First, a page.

While these mouth-watering returns might make investors who have seen their portfolios take a hit in the downturn envious, it would be wrong to conclude that all liquid alt funds are money makers. For the funds that have given negative returns, the falls are hard to bear, as some of the liquid alts have done just as bad as the major Canadian and American indices, in some cases far worse.

For example, in the ‘Other’ subcategory, the BMO PineBridge Preferred Securities TACTIC Fund has lost -18.95 % while the Accelerate Private Equity Alpha Fund is down a discouraging 37%. In the Equity focused subcategory, the McElvaine Investment Trust Fund backpedaled by 28.15% and, in the Multi-Strategy slot, the Friedberg Asset Allocation Fund hit bottom at -37.31%.

Lack of history a concern
The short history of liquid alts can make the selection of a specific fund challenging. For example, the Dynamic fund that has scored a spectacular +5.98% in the market downfall has only managed to return 1.31% since its inception in October 2018.

However, the Veritas Absolute Return Fund, top-of-the-list in the Equity focused slot, and the CI Marret Fund, top-of-the-list in the Credit focused slot, both show consistent positive returns in the downturn and since inception. The Veritas fund has remained positive year-to-date at 3.92% and since inception in October 2019 at 7.34%, while the CI fund is up 4.44% year-to-date and 6.73% since inception in November 2018. But will the outperformance continue, as past performance is no indicator of future returns?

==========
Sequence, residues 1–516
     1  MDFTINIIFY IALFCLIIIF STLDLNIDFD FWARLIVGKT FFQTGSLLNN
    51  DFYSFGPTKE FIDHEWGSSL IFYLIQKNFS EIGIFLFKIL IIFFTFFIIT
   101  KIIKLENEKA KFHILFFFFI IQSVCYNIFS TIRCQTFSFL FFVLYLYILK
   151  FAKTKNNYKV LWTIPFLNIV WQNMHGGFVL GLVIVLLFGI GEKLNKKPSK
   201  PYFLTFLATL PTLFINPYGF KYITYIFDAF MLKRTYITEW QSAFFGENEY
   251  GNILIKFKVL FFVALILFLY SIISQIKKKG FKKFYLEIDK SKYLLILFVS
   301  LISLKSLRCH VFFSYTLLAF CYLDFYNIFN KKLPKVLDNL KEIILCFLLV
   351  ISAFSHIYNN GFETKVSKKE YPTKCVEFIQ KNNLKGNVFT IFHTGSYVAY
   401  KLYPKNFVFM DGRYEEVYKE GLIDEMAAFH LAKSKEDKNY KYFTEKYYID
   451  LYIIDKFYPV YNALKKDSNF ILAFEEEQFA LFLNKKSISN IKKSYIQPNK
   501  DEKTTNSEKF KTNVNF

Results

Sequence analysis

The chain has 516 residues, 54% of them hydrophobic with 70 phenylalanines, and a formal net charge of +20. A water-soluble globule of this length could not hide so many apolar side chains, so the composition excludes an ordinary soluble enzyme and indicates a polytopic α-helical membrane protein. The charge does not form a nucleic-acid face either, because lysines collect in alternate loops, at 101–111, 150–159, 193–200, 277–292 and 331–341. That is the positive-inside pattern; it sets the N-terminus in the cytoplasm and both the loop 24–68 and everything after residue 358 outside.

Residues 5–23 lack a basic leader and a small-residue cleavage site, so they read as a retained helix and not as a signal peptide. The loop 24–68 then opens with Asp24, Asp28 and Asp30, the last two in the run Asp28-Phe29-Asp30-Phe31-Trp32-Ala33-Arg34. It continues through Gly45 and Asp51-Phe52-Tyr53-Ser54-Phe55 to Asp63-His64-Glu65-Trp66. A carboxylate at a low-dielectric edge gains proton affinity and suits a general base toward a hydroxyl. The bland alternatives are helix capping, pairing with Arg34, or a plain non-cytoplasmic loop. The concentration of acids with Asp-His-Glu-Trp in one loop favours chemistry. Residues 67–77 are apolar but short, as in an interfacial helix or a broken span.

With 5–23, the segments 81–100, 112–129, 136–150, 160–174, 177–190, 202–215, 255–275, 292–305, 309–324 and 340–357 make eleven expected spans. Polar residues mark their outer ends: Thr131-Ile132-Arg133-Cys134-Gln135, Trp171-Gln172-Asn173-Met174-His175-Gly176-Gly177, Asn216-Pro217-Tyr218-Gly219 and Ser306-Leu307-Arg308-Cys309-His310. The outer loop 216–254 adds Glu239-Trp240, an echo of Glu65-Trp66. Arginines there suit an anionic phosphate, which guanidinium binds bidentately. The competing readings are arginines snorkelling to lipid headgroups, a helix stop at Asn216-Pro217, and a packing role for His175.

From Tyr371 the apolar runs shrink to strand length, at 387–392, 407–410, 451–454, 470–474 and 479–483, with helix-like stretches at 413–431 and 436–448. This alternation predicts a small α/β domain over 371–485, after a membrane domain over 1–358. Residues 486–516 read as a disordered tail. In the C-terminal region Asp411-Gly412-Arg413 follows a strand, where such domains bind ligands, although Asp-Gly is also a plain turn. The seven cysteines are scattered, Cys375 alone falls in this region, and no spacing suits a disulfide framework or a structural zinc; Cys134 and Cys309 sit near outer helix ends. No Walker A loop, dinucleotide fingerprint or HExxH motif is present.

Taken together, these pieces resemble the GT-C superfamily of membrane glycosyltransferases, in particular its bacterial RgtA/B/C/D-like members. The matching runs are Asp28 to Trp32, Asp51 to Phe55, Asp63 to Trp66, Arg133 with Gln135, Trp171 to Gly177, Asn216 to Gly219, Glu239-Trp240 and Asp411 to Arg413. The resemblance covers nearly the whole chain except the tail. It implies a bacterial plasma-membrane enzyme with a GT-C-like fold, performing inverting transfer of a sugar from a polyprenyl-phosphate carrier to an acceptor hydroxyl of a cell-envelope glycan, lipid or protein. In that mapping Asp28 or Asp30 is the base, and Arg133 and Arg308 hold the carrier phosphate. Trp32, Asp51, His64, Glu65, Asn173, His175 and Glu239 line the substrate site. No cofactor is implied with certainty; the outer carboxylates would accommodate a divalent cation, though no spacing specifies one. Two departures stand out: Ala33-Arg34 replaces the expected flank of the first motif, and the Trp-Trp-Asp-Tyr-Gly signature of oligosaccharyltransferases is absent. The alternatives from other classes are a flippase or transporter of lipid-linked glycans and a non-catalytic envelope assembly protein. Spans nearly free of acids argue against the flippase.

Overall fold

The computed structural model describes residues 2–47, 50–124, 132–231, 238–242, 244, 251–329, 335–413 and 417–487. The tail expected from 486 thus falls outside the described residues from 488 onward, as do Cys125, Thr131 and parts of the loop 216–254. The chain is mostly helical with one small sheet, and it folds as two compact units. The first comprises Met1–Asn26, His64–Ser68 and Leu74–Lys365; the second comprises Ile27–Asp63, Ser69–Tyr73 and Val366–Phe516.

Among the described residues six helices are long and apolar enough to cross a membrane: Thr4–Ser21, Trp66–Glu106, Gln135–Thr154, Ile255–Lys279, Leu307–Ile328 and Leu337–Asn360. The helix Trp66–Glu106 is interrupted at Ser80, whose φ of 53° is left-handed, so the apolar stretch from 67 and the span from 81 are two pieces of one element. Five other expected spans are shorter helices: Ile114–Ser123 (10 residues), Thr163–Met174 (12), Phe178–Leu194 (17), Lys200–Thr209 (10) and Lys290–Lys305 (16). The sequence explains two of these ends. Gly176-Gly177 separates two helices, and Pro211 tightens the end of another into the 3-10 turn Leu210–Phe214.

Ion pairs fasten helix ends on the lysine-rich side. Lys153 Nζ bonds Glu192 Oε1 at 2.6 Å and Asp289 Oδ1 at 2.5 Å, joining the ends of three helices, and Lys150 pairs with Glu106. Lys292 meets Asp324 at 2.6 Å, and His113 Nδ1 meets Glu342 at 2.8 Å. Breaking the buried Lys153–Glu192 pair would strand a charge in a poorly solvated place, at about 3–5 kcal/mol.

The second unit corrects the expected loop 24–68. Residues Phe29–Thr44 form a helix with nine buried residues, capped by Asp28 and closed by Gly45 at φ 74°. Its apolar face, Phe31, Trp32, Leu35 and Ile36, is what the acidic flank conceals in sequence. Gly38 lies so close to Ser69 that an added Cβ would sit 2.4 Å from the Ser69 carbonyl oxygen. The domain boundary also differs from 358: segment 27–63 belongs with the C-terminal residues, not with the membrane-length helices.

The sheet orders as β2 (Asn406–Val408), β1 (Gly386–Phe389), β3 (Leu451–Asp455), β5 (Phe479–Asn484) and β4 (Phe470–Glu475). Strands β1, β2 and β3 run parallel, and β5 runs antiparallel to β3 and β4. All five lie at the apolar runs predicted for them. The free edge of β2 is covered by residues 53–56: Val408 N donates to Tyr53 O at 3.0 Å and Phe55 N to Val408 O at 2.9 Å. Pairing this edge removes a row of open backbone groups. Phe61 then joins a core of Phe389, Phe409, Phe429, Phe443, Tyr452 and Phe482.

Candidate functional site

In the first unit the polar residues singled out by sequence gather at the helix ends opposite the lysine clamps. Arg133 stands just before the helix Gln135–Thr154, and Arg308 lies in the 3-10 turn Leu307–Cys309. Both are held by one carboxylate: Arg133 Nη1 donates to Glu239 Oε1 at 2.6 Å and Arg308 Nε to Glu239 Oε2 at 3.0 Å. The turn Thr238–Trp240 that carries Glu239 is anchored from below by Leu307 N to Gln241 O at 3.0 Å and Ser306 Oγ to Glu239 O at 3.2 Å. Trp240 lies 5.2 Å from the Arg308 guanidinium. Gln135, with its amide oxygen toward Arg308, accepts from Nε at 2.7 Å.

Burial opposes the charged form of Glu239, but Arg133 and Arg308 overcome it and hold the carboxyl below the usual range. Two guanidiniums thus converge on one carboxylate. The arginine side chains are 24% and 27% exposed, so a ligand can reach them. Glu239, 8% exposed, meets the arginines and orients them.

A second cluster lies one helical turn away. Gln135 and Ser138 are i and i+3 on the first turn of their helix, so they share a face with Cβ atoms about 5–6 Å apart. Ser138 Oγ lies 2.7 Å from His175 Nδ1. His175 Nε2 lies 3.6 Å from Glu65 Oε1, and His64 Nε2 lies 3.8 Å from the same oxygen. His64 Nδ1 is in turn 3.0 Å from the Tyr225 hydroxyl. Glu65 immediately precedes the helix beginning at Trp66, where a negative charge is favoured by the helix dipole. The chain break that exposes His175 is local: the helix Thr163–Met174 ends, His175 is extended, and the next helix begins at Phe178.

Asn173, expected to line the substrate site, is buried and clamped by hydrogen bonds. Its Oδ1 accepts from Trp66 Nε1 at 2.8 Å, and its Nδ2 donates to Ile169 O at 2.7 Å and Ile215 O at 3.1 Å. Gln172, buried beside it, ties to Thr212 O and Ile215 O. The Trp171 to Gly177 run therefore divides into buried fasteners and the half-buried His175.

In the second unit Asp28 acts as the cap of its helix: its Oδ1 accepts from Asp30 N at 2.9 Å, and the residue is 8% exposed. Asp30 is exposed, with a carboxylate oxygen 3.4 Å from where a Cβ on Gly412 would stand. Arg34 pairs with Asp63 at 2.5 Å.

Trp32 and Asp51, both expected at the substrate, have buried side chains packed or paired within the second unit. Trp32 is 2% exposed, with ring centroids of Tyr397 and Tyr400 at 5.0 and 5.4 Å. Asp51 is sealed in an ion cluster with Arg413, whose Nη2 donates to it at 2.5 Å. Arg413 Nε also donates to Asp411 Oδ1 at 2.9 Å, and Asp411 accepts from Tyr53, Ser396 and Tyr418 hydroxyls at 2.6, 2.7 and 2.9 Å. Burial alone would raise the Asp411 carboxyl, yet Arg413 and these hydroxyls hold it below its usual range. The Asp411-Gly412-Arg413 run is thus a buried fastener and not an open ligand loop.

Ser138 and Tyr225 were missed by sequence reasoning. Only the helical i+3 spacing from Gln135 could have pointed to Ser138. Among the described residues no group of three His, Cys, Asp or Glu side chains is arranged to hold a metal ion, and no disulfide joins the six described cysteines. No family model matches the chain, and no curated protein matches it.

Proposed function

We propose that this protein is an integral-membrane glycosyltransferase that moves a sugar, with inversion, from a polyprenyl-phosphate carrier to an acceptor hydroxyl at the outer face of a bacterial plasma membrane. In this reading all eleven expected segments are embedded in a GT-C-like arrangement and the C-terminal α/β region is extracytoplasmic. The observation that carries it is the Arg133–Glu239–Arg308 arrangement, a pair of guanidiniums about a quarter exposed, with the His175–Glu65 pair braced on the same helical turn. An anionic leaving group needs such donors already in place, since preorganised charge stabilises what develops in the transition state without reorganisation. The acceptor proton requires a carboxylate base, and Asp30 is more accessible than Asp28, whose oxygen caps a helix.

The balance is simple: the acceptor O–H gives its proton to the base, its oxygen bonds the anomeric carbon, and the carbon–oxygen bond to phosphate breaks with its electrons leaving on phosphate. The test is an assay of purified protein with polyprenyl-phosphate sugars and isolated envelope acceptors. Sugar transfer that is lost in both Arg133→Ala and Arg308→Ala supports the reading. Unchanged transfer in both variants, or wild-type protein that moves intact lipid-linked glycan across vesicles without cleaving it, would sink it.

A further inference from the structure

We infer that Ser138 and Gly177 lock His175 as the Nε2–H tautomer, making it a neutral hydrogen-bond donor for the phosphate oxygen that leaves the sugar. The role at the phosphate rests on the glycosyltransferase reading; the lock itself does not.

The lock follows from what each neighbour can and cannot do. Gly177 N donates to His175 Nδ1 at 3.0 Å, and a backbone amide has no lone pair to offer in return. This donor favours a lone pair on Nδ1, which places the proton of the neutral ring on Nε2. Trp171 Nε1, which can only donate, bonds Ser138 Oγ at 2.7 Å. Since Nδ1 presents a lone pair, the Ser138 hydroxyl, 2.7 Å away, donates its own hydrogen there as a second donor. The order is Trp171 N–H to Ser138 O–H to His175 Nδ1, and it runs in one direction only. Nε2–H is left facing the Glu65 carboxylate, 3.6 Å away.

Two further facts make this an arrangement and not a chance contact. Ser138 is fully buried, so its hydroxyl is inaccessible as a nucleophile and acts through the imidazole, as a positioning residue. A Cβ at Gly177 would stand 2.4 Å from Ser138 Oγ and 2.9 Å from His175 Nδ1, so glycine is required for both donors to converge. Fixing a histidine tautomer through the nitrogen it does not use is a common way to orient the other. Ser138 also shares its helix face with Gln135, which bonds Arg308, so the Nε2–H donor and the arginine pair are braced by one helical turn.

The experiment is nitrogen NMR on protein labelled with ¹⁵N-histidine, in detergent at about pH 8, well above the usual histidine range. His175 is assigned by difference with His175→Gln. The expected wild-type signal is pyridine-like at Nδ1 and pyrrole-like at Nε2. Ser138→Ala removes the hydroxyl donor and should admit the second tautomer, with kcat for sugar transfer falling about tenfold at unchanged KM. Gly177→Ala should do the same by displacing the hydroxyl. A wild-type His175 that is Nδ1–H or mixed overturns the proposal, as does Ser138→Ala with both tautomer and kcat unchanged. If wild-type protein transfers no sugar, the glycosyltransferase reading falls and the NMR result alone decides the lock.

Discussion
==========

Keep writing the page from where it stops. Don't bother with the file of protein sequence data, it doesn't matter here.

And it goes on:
Even selecting a longer-running candidate can cause perplexity. For example, the Equity-focused Horizons Seasonal Rotation ETF shows a very good long-run performance of 5.56% since its inception in November 2009, but year-to-date, it has dipped like the rest of the market at -22.72%. As for the Wavefront fund, its remarkable 26.17% standing in the storm is tarnished by a -0.67% performance since its inception, also in November 2009.

How to decide?
When deciding where to invest, it is vital that investors understand their goals, time horizon, and risk profile, and only then select investments that match with their personal circumstances. As Morningstar’s Global CIO and President Daniel Needham says: “Talk to your financial advisor or your financial planner and really stick to the plan. That's what the plan's there for. In the short term, markets are going to move around a lot, and it's very important that you take a long-term approach to investing.”     

If liquid alts fit your risk profile, and you do have cash to deploy in these assets, the AIMA Canada Handbook 2019 gives a few pieces of advice.

  1. Check the background and experience of the investment team. Though liquid alts are relatively recent, the managers often have experience managing hedge funds. Check the performance track record there.
  2. Question their management of risk (independent reporting lines, operational risk management, conflicts of interest).
  3. Verify if their compliance culture is clean.
  4. Finally, see if the senior investment managers are personally invested in their fund.

 

Securities Mentioned in Article

About Author

Yan Barcelo  is a veteran financial and economic journalist with more than 30 years of experience, writing for many publications in Toronto and in Montreal, including CPA MagazineLes Affaires and Commerce.